The African American and Africana Studies Program (AAAS) at the University of Kentucky and the Department of Modern & Classical Languages, Literatures and Cultures (MCLLC) have combined forces to organize a special event, In Search of our Hearth: Reinventing the Odyssey, which will take place April 19-20 at various campus locations.
College of Arts & Sciences Dean Mark Kornbluh spoke with UK at the Half host Carl Nathe about Summer 2013 courses. The Summer 2013 website makes it easier to look for classes and filter by track, major, and whether or not the course is online. The segment aired on March 7th, 2013.
Fall of 2012 was the perfect time to conduct a class about American electoral politics - so it was taken up as the topic for Currents, a class offered to incoming Freshmen. The course explores the 2012 election from a variety of academic perspectives - including, but not limited to, philosophy, economics, history, and, of course, political science. In this podcast, five Currents students shared their experiences with the class.
The students interviewed are: Trevor McNary, a double major in International Studies and Economics with a minor in Arabic and Islamic Studies; Jonathan Burdick, a Chemistry major; Elisabeth Campbell, a double major in Russian and Political Science with a minor in Spanish; Kevin States, a double major in marketing & management; and Kyle Richardson, a Political Science major.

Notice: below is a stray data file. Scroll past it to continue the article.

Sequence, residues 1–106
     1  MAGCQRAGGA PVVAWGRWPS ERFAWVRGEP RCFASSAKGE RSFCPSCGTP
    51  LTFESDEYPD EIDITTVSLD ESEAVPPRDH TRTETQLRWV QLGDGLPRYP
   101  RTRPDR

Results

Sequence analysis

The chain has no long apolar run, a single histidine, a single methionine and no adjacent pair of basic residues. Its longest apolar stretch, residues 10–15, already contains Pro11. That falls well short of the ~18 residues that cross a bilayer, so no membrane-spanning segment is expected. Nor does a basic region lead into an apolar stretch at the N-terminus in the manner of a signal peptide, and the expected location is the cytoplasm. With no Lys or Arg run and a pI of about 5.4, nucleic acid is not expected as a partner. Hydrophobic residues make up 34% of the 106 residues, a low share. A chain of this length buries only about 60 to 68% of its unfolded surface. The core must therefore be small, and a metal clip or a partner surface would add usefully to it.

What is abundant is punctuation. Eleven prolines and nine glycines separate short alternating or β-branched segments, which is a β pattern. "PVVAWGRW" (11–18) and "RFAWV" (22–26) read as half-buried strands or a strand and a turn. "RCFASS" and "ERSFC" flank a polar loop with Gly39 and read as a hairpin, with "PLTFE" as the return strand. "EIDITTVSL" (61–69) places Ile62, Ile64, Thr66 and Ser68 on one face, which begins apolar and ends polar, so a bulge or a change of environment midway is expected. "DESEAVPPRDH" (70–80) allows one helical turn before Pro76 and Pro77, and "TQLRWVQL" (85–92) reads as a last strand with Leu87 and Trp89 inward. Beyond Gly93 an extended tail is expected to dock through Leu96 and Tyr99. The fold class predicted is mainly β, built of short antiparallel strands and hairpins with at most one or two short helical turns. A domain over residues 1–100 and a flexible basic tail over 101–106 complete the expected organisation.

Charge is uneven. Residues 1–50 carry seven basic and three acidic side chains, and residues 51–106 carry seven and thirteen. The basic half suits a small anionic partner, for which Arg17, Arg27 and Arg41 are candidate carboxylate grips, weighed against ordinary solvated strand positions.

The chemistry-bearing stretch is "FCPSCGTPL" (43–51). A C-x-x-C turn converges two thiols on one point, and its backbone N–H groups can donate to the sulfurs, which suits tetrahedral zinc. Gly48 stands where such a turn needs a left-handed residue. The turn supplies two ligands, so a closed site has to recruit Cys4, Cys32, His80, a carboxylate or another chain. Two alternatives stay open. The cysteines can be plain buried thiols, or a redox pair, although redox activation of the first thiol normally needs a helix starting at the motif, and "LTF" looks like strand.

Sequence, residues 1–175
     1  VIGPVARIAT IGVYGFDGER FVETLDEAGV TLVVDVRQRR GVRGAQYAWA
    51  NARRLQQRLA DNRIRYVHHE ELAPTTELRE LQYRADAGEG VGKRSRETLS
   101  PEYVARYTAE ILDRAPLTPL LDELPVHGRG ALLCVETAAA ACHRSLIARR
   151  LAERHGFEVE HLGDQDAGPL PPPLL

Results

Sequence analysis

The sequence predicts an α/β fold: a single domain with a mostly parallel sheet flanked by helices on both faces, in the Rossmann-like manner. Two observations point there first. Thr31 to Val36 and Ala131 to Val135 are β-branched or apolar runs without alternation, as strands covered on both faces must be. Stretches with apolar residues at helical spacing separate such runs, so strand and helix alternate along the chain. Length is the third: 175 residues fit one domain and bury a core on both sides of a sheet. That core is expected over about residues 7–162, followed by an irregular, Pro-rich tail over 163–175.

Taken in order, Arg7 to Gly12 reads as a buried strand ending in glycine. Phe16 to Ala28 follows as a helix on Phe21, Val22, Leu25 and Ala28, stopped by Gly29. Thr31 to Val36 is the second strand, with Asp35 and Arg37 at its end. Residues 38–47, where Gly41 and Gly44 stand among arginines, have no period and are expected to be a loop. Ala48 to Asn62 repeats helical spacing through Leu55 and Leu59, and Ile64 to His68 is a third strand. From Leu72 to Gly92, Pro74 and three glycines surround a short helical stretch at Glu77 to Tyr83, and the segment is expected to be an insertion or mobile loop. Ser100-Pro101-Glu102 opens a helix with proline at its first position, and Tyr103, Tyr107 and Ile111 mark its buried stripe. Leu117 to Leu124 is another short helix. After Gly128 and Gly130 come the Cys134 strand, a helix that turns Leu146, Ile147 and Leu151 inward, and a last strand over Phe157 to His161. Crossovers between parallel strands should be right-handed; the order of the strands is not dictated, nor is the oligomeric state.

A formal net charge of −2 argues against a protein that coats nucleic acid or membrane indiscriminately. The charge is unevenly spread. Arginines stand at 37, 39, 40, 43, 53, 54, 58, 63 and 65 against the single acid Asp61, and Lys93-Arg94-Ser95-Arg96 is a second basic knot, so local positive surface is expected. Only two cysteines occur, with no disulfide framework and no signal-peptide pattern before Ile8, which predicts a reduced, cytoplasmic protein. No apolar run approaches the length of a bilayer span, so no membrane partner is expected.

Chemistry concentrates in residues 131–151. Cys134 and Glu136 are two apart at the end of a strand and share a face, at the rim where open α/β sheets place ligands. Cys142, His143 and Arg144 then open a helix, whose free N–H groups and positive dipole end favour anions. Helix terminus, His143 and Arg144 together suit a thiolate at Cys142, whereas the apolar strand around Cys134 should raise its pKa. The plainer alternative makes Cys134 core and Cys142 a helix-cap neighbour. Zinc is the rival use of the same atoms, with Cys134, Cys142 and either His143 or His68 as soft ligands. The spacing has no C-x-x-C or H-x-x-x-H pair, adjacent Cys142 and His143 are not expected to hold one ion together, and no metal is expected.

The course, designed for first-year students, aims to facilitate high-level discussion in a nonpartisan manner and to explore how elections really work. The focus will span across historical data from past elections, such as voter demographics, important cultural issues such as religion, women's rights and civil rights, to the key challenges that the nation faces for the 2012 election.
Arts & Sciences Dean Mark Kornbluh and history professor Kathi Kern are teaching a class 'inside out' - by taking an issue (in this case, the 2012 presidential election) and building a course around it. The class, "Currents: America Through the Lens of the 2012 Election," is an interdisciplinary look into how American democracy functions. It is slated to be a non-partisan examination of how elections work, their function in media and society, and how elections have changed over time.